2008 HIV Summit

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Materials and Links

Program Book



Summit Media Coverage

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Revised [CDC] Recommendations for HIV Testing of Adults, Adolescents and Pregnant Women in Health-Care Settings

NCCC State HIV Testing Laws Compendium

Planning Committee login



The 2008 National Summit on HIV Diagnosis, Prevention, and Access to Care (November 19-21, 2008, Arlington, VA) is sponsored by the Forum for Collaborative HIV Research in partnership with the American Academy of HIV Medicine, Centers for Disease Control and Prevention, HIV Medicine Association, Human Resources and Services Administration, Kaiser Permanente, National Black Gay Men's Advocacy Coalition, the Office of AIDS Research-NIH, and the Veterans Administration.

The purpose of the 2008 National HIV Summit is to support the continued implementation of the CDC's recommendations for routine HIV testing in an effort to get patients enrolled into care earlier and to maximize prevention opportunities.

The program is being developed under the leadership of the co-chairs Dr. John G Bartlett (Johns Hopkins University) and Dr. Kenneth Mayer (Brown University) and the Scientific Planning Committee representing governmental agencies, professional societies, academia, clinical care, community and advocacy organizations and the pharmaceutical sector. The program will consist of plenary sessions at the beginning and end of the conferences. Separate tracks in Prevention, Testing, Access to Care, and Measuring Outcomes of HIV Testing Efforts will allow in-depth discussion of these topics.

The 2008 Summit is the second gathering of its kind, following on the 2006 National Summit on New Opportunities for HIV Diagnosis, Prevention and Access to Care (November 29-30, 2006 in Washington, DC), which brought together the national leadership in clinical care, research and policy from government and governmental agencies; academia and clinical care; patient advocacy and community organizations; and industry. The 2006 National Summit was organized with the goal to discuss and evaluate the 2006 CDC recommendations for opt-out HIV testing, and develop strategies to implement them, with a special emphasis on the need to link testing to prevention and access to care opportunities. The major outcomes of the 2006 National Summit were published in a special supplement to Clinical Infectious Diseases (CID 2007; 45 Suppl. 4) as well as CME materials.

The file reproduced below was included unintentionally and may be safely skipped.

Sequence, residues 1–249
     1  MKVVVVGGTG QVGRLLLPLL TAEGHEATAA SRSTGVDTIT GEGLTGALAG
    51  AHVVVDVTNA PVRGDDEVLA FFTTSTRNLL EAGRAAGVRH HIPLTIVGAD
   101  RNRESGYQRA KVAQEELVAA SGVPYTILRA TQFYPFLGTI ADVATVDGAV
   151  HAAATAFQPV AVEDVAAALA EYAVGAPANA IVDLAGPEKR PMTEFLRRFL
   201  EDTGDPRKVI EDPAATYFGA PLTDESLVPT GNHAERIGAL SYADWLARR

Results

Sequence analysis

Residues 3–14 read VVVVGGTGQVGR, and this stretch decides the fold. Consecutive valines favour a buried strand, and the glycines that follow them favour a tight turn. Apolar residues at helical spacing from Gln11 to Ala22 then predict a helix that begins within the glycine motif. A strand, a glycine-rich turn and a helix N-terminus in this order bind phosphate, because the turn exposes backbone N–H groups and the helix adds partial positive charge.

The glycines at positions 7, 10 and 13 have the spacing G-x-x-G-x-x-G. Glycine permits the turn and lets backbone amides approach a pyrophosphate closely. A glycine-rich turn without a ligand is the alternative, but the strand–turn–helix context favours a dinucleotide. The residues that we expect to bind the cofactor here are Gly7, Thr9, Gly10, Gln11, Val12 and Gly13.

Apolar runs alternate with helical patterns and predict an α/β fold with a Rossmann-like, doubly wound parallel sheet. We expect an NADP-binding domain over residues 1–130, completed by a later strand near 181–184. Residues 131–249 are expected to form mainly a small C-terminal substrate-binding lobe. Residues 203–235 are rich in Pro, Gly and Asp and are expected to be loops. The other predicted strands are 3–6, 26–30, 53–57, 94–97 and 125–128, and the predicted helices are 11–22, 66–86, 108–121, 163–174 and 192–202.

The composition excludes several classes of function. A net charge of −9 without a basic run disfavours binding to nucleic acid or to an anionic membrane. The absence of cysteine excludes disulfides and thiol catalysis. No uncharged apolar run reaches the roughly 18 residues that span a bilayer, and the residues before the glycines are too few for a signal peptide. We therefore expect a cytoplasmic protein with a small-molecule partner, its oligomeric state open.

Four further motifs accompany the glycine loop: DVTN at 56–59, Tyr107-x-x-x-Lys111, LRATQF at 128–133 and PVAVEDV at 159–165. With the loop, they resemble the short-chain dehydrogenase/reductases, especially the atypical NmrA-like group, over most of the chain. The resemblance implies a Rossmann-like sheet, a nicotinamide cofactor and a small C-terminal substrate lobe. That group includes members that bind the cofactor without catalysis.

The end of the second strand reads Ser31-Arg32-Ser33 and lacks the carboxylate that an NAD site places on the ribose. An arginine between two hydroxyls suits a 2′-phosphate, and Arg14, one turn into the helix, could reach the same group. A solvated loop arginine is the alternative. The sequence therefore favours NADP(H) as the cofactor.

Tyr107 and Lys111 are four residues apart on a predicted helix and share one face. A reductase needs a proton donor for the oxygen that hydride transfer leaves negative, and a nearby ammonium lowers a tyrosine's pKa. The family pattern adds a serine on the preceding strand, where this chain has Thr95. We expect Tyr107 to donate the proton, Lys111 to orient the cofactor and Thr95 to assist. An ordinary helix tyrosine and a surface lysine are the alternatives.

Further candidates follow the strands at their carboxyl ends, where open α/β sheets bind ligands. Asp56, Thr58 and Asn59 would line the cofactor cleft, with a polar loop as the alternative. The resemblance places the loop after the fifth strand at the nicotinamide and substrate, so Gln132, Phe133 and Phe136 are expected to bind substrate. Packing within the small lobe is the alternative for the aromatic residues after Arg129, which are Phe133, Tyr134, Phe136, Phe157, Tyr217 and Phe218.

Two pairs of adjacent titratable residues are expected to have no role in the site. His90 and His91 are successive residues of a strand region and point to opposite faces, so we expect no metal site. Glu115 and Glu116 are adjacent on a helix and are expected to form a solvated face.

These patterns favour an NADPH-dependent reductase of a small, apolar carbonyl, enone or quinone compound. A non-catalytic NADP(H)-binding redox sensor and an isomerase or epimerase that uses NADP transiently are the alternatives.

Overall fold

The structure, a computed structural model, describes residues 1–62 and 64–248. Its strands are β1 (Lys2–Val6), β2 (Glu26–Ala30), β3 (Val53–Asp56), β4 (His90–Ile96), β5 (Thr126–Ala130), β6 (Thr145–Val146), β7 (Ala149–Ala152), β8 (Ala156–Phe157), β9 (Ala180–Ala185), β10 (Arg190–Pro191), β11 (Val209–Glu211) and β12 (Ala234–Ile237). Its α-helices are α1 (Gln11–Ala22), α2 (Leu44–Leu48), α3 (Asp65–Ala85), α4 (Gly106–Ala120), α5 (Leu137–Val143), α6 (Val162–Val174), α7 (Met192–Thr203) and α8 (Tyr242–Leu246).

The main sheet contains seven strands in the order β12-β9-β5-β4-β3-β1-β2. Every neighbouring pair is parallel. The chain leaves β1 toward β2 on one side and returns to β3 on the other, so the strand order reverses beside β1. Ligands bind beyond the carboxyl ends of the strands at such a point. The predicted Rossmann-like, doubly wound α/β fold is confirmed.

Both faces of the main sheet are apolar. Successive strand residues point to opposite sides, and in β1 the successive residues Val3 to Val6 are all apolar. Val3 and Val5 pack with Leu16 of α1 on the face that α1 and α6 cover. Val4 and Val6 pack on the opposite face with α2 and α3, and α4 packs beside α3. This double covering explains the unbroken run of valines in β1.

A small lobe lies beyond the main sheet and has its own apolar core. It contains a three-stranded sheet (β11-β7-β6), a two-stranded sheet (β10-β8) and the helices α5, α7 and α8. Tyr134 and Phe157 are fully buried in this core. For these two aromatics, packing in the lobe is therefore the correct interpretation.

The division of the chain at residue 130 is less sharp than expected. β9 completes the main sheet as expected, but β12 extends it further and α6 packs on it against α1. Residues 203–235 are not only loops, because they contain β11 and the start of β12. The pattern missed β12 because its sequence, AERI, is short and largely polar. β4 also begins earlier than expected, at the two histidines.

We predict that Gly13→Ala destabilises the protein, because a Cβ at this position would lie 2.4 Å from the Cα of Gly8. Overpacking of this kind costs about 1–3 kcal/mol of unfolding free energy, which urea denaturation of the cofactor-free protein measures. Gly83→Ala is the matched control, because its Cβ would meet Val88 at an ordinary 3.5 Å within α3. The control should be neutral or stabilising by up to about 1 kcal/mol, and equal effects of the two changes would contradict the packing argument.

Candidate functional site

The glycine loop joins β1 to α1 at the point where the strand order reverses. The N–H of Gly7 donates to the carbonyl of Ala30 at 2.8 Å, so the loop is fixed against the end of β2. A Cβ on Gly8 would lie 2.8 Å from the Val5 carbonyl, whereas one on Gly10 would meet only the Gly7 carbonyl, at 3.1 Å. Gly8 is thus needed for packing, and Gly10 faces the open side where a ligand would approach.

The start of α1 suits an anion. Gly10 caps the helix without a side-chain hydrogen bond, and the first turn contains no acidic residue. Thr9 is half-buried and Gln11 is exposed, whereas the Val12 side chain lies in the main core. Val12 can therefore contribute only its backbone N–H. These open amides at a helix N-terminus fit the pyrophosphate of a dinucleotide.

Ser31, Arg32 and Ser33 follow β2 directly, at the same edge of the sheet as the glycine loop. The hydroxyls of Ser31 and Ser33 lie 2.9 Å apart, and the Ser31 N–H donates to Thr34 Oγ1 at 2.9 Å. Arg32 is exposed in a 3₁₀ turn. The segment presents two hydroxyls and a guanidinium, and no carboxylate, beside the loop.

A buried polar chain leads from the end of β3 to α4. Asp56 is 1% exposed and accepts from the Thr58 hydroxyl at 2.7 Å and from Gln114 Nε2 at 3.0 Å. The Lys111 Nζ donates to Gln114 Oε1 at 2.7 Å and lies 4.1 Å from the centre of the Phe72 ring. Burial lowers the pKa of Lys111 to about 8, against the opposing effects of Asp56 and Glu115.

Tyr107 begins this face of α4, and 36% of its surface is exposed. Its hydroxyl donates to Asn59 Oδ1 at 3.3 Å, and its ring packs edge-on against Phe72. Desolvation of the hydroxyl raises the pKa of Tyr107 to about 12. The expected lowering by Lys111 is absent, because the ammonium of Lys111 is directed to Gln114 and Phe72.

It is now time to reconvene all the major players to consider the extent to which the recommendations have been implemented at the national, state and local levels; the barriers (policy, financial or otherwise) that still exist preventing and/or discouraging their implementation and ways to overcome these; what models we have for improving HIV diagnosis in spite of barriers; and what this all means for the improved care and outcome of the US HIV-infected populations. This is a unique opportunity for evaluating the status of the US epidemic, for developing short and long-term strategies for better control of the domestic epidemic, and for improving the identification of all HIV-infected individuals and ensuring optimal access to care.

The project is supported by unrestricted educational grants from Gilead Sciences, Bristol-Myers Squibb, Kaiser Permanente, Merck, Boehringer Ingelheim, Abbott Pharmaceuticals, Bio-Rad, Inverness Medical Innovations, Gen-Probe, and OraSure Technologies.


Goals and Objectives of the 2008 Summit:

To assess the current impact of recommendations to implement routine HIV testing on policy, program and practice at the local, state and federal level.

  • What has changed and where are the remaining barriers?
  • What have we learned from pilots, models and demonstration programs?
  • What metrics will inform monitoring and evaluation?
  • How do we ensure continuing progress and where do we project to be in 2010?


The 2008 Summit was held November 19-21, 2008 in Arlington, VA

Planning Committee Members:

John Bartlett, co-chair Johns Hopkins University
Ken Mayer, co-chair Brown University
Judy Aberg New York University
Cornelius Baker National Black Gay Men's Advocacy Coalition
Bernie Branson CDC
Carol Brosgart Gilead Sciences
Victoria Cargill NIH
Laura Cheever HRSA
Westley Clark SAMHSA
Mike Cohen University of North Carolina
Carl Dieffenbach NIH
Pat Emmanuel University of South Florida
Emily Erbelding Johns Hopkins University
Judy Feinberg University of Cincinnati/AAHIVM
Kevin Fenton CDC
Donna Futterman Albert Einstein College of Medicine
Michael Horberg Kaiser Permanente
Shannon Hader CDC
David Kern NASTAD
Christine Lubinski HIVMA
Kathy McNamara NACHC
Veronica Miller Forum for Collaborative HIV Research
David Munar AIDS Foundation of Chicago
Israel Nieves-Rivera San Francisco Department of Public Health/UCHAPS
Roger Pomerantz Tibotec, Inc.
Rich Rothman Johns Hopkins University
Monica Ruiz Forum for Collaborative HIV Research
Mike Saag University of Alabama at Birmingham
Daniel Seekins Bristol-Myers Squibb
Valerie Stone Harvard
Monica Sweeney NYC Department of Health and Mental Hygiene
Donna Sweet University of Kansas/ACP
Ron Valdiserri VA
Rochelle Walensky Harvard